My fiancée and I were cleaning our apartment to get ready for the arrival of her family the next day. There was one daunting task I was avoiding: the air conditioner. When I'd moved to New York City, I'd discovered that having Central Air is a luxury--as well as having a dishwasher, laundry machines, and pretty much anything you can think of that is standard when living in the suburbs. The air conditioner I'd purchased was a stand-alone portable unit with wheels. It was convenient but also a bitch to install and uninstall. We decided to put it away in order to gain floor space--because that's also a luxury.
As I was removing the pieces connected to the window, my fiancée offered to help. She asked how to remove the last remaining pipe from a plastic connection piece, and as I stumbled through my vague instructions, she was quickly confused. While she fumbled with disconnecting the piece, I increasingly felt my impatience rising. When I repeated my ambiguous instructions again, this time with less patience, my fiancée replied with, "Babe, you're not really giving me clear directions. How can I help you if you don't give me proper instructions on how to uninstall it?" That moment made me take a step back. She was right; I wasn't even giving her a chance, and my frustration was causing a lack of communication. I took a mental breath, told myself to calm down and slowly began explaining again--this time with more detail. She ended up disconnecting it in no time.
This fleeting moment was a humble reminder about the value of communication. Why is communication the first thing to be sacrificed when we experience frustration? Is it because we feel a loss of control? Are we afraid of vulnerability? I was raised in a household where verbal expression was scarce. Whenever a heated argument took place between family members, it was always left unresolved. We would sleep on it, wake up the next day and pretend that it had never happened; there was never a post-discussion. As I grew older, communication became a vulnerability issue for me, and silence was often used in an attempt to protect myself emotionally. Silence is easy to apply because it takes no effort and gives you an excuse to avoid the situation. For the longest time, it was a running theme in most of my relationships, and all of them suffered because of it. Apologies were especially difficult for me. It was like revealing a wound and saying to the other person, "Here I am! Now where's your salt?" I held a deep fear of making apologies because there were no guarantees of a positive response--or of any response, for that matter. So, rather than take the risk of feeling defenseless, I would opt for safety instead: my silence.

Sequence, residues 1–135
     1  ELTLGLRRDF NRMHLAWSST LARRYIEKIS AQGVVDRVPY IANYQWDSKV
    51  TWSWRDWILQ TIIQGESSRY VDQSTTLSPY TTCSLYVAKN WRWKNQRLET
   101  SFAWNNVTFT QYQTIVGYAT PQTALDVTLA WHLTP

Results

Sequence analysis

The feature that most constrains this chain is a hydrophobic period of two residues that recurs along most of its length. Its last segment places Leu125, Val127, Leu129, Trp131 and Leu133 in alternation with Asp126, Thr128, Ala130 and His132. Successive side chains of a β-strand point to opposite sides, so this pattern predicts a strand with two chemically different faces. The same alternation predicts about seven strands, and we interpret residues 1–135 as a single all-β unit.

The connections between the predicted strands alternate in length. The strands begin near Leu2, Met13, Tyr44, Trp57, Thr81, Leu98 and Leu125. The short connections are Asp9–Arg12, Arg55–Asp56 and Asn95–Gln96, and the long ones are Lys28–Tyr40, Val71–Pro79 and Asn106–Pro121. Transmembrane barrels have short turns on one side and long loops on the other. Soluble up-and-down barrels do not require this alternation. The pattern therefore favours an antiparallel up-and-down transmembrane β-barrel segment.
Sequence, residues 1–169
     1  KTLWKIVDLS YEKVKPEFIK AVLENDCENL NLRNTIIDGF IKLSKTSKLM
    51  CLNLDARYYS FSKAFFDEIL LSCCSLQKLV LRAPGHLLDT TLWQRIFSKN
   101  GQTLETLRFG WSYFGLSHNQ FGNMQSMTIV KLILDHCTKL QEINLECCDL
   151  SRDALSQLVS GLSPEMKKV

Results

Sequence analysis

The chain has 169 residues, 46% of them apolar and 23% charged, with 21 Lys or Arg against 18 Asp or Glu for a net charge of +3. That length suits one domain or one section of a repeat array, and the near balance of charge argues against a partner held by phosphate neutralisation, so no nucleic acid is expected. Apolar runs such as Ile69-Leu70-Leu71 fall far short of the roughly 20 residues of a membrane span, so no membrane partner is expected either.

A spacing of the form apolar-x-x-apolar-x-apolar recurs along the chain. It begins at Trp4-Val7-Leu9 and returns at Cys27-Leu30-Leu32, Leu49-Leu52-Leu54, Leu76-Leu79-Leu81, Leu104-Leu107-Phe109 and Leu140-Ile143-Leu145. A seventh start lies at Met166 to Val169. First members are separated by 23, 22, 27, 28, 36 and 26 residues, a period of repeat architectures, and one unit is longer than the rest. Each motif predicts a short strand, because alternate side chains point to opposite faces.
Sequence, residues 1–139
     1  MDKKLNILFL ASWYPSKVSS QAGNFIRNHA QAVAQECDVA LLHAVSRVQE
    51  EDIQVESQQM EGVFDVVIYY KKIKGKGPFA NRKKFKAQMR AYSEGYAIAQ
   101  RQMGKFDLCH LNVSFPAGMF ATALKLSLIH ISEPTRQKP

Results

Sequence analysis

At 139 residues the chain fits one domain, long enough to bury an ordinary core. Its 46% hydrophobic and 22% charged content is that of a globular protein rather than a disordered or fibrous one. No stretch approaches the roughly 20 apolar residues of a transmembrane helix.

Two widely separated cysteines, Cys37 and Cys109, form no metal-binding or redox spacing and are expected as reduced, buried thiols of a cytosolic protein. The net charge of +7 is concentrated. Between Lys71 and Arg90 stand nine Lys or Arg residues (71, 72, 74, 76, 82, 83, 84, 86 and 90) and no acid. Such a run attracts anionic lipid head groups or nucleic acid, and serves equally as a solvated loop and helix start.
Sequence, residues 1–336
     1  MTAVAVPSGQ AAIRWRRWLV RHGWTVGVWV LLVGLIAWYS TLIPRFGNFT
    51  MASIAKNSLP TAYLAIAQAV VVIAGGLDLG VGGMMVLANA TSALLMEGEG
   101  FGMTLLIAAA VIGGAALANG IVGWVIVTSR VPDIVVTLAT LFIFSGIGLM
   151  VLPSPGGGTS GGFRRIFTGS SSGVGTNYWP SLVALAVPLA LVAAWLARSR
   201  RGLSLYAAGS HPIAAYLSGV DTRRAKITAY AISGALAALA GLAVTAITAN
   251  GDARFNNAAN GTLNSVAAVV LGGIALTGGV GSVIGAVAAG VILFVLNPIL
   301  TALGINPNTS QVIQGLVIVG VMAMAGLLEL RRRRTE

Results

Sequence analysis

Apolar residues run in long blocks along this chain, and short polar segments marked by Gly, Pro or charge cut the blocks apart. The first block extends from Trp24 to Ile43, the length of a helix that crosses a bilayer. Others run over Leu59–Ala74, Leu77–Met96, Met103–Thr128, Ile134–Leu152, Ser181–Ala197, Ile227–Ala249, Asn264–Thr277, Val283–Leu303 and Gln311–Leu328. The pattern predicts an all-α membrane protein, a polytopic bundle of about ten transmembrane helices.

It took many years of failed relationships and painful experiences for me to unlearn my silence and fully embrace the action of expressing my feelings. The emotional benefits I've gained from finding my voice have been life-changing and this has taught me to conduct healthier professional and personal relationships. There are still times when I catch myself falling back into old habits and I have to make a conscious effort to speak up when there is something important I want to address. There is always room for improvement, however, with time and much practice I've eliminated most of my non-communicative tendencies and it has only improved my interaction with others.
I apologized to my fiancée later that evening for my lack of communication and impatience with her. She looked at me like I had three heads and said, "You are the last person I would consider to be impatient and lacking in communication." Ha! If only she'd experienced what I was like during my silent period, she'd probably run for the hills. Thankfully, that side of me has been retired.